Acoustic Duration Changes Associated With Two Types of Treatment for Children Who Stutter The purpose of this study was (a) to examine in young children the effects of Speech Motor Training (SMT) on selected temporal acoustic durations considered to be related to speech motor programming, (b) to compare the speech motor effects of that treatment with those of a treatment of childhood stuttering ... Research Article
Research Article  |   August 01, 2000
Acoustic Duration Changes Associated With Two Types of Treatment for Children Who Stutter
 
Author Affiliations & Notes
  • Glyndon D. Riley
    California State University Fullerton, CA
  • Janis Costello Ingham
    California State University Fullerton, CA
  • Corresponding author: e-mail: grileylb@earthlink.net
Article Information
Speech, Voice & Prosodic Disorders / Fluency Disorders / Hearing & Speech Perception / Acoustics / Speech, Voice & Prosody / Speech / Research Articles
Research Article   |   August 01, 2000
Acoustic Duration Changes Associated With Two Types of Treatment for Children Who Stutter
Journal of Speech, Language, and Hearing Research, August 2000, Vol. 43, 965-978. doi:10.1044/jslhr.4304.965
History: Received June 24, 1999 , Accepted December 14, 1999
 
Journal of Speech, Language, and Hearing Research, August 2000, Vol. 43, 965-978. doi:10.1044/jslhr.4304.965
History: Received June 24, 1999; Accepted December 14, 1999

The purpose of this study was (a) to examine in young children the effects of Speech Motor Training (SMT) on selected temporal acoustic durations considered to be related to speech motor programming, (b) to compare the speech motor effects of that treatment with those of a treatment of childhood stuttering that did not directly incorporate speech motor control training (Extended Length of Utterance [ELU]), and (c) to examine the relation of acoustic duration changes to reduction of stuttering. Twelve children who stutter were recorded while repeating syllable sets /pv/ and /tvke/ before and after SMT (n=6) or ELU treatment (n=6). Children who did not stutter served as matched reference groups. The syllables beginning with /p/ and /t/ were used as tokens for the acoustic measurement. Five measures served as indicators of temporal aspects of speech motor performance: vowel duration, stop gap duration, voice onset time, stop gap/vowel duration ratio, and total token duration. Results indicated that following SMT there was a significant increase in vowel duration and some reduction in stop gap duration that resulted in significantly reduced stop gap/vowel duration ratios. These acoustic effects were consistent across most participants. The ELU treatment reduced stuttering more than the SMT, but was not accompanied by significant effects on the selected temporal acoustic measures. These findings are compared with previous findings of increased vowel durations associated with fluency enhancement and stuttering treatment. We speculate that the increased vowel durations allow more time for speech motor planning and that stuttering is reduced moderately as a by-product of longer vowel durations. The mechanism(s) by which ELU treatment reduces stuttering did not appear to be captured by the dependent variables measured in this study.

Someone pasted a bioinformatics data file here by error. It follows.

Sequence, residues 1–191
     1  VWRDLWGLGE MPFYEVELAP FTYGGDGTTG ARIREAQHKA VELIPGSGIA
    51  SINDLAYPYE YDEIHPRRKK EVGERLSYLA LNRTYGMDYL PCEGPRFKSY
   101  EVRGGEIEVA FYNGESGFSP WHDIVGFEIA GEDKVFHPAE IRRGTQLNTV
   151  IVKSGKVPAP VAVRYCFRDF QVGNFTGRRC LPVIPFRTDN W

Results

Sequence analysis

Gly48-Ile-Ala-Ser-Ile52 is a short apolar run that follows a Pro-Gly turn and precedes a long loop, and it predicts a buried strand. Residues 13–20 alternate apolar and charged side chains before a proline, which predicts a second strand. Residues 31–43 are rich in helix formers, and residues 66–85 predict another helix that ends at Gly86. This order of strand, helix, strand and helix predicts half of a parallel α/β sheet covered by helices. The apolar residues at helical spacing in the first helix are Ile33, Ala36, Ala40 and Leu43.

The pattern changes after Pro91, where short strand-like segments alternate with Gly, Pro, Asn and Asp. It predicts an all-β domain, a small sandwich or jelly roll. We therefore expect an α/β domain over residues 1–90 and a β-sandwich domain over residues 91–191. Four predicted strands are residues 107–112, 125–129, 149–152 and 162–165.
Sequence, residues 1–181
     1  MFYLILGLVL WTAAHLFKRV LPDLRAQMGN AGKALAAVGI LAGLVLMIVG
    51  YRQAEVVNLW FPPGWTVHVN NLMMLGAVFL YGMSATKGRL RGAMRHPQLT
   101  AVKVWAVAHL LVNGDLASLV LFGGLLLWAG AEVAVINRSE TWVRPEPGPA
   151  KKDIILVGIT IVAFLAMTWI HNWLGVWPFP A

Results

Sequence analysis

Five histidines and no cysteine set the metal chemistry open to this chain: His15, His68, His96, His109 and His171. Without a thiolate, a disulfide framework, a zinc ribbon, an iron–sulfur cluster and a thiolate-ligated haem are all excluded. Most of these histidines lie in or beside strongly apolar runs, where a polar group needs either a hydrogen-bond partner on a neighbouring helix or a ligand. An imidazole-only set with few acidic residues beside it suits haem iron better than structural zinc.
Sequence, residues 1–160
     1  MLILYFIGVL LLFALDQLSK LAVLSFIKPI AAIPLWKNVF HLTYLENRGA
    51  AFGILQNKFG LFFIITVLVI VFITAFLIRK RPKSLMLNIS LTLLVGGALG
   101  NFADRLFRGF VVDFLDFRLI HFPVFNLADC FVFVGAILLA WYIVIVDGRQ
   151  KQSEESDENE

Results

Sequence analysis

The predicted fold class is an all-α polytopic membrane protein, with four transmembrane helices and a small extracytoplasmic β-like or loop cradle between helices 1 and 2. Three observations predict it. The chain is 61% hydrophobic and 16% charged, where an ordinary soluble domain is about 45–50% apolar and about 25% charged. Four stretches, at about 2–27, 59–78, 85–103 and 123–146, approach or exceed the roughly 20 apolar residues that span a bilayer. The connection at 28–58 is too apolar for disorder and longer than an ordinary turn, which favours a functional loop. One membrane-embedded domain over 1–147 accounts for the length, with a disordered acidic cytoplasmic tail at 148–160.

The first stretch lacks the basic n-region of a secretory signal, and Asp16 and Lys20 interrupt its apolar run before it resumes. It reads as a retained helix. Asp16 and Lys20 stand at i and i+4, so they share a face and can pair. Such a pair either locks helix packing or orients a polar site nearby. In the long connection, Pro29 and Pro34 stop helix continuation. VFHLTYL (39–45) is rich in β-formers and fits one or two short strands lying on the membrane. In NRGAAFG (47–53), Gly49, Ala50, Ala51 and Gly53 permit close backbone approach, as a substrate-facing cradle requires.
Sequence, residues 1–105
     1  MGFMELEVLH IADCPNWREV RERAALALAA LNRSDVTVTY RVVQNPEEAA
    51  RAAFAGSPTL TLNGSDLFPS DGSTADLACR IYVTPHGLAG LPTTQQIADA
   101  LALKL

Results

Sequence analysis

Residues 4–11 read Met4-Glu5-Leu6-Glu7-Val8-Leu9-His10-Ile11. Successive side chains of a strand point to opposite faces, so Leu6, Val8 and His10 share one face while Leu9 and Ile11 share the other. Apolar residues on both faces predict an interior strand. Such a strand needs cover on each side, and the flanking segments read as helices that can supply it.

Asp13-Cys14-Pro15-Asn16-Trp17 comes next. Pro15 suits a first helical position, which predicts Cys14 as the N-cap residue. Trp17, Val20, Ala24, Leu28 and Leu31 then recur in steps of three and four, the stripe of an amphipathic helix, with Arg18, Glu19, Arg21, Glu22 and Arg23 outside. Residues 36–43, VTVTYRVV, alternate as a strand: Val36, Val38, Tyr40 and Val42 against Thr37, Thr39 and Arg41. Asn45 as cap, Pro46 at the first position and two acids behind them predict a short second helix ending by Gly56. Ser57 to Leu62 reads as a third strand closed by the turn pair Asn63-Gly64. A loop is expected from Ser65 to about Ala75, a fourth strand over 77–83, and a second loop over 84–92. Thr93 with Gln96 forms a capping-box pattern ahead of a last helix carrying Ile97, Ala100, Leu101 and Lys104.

Acknowledgments
The authors want to thank Roger Ingham and Jeanna Riley, who were involved in this research from the beginning. Special recognition is given to Annette M. Gotts and Suzanne Hatch-Halili of California State University, Fullerton, who did all of the acoustic duration measures for their master’s research projects. Their findings focused on vowel duration changes associated with SMT and are incorporated into this article. We appreciate the dedication of the master clinicians, Terry Sainz at California State University, Fullerton, and Roberta Jackson Shough at the University of California, Santa Barbara. The technical assistance of Richard Moglia was crucial. We recognize the careful laboratory and clinical work of our research assistants at CSUF, Cheryl Friedl, Tracy Kerins, JoAnn Konenkamp, Karrie Mauch, Matt Ronayne, Karyn Smith, and Jane Sugawara and at UCSB, Jeannine Bankey, Shannon Bryan, Melinda Harold, Robin Hauge, Jill Hayward, and Karen Zwicke. This research was supported by NIH Grant 5 R01 DC01100, awarded by the National Institute on Deafness and Other Communication Disorders.
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